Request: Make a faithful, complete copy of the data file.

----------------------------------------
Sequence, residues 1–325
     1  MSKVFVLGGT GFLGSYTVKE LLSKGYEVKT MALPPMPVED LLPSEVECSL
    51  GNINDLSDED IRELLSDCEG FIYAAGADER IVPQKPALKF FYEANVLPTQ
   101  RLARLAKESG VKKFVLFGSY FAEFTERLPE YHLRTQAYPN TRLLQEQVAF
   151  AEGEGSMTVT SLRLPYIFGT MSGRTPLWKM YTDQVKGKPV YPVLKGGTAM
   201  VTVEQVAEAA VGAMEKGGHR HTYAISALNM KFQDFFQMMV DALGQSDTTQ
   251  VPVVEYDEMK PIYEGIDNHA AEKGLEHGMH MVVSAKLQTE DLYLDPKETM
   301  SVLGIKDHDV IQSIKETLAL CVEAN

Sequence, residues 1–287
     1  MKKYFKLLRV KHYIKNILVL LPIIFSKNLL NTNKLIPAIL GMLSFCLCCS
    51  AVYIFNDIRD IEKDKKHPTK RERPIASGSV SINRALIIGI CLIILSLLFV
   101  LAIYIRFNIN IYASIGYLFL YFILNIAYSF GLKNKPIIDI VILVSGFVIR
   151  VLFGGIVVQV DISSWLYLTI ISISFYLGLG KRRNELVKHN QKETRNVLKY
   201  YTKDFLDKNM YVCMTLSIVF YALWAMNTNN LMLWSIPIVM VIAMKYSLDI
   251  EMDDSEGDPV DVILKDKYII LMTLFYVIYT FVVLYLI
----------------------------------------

Sequence, residues 1–325
     1  MSKVFVLGGT GFLGSYTVKE LLSKGYEVKT MALPPMPVED LLPSEVECSL
    51  GNINDLSDED IRELLSDCEG FIYAAGADER IVPQKPALKF FYEANVLPTQ
   101  RLARLAKESG VKKFVLFGSY FAEFTERLPE YHLRTQAYPN TRLLQEQVAF
   151  AEGEGSMTVT SLRLPYIFGT MSGRTPLWKM YTDQVKGKPV YPVLKGGTAM
   201  VTVEQVAEAA VGAMEKGGHR HTYAISALNM KFQDFFQMMV DALGQSDTTQ
   251  VPVVEYDEMK PIYEGIDNHA AEKGLEHGMH MVVSAKLQTE DLYLDPKETM
   301  SVLGIKDHDV IQSIKETLAL CVEAN

Sequence, residues 1–287
     1  MKKYFKLLRV KHYIKNILVL LPIIFSKNLL NTNKLIPAIL GMLSFCLCCS
    51  AVYIFNDIRD IEKDKKHPTK RERPIASGSV SINRALIIGI CLIILSLLFV
   101  LAIYIRFNIN IYASIGYLFL YFILNIAYSF GLKNKPIIDI VILVSGFVIR
   151  VLFGGIVVQV DISSWLYLTI ISISFYLGLG KRRNELVKHN QKETRNVLKY
   201  YTKDFLDKNM YVCMTLSIVF YALWAMNTNN LMLWSIPIVM VIAMKYSLDI
   251  EMDDSEGDPV DVILKDKYII LMTLFYVIYT FVVLYLI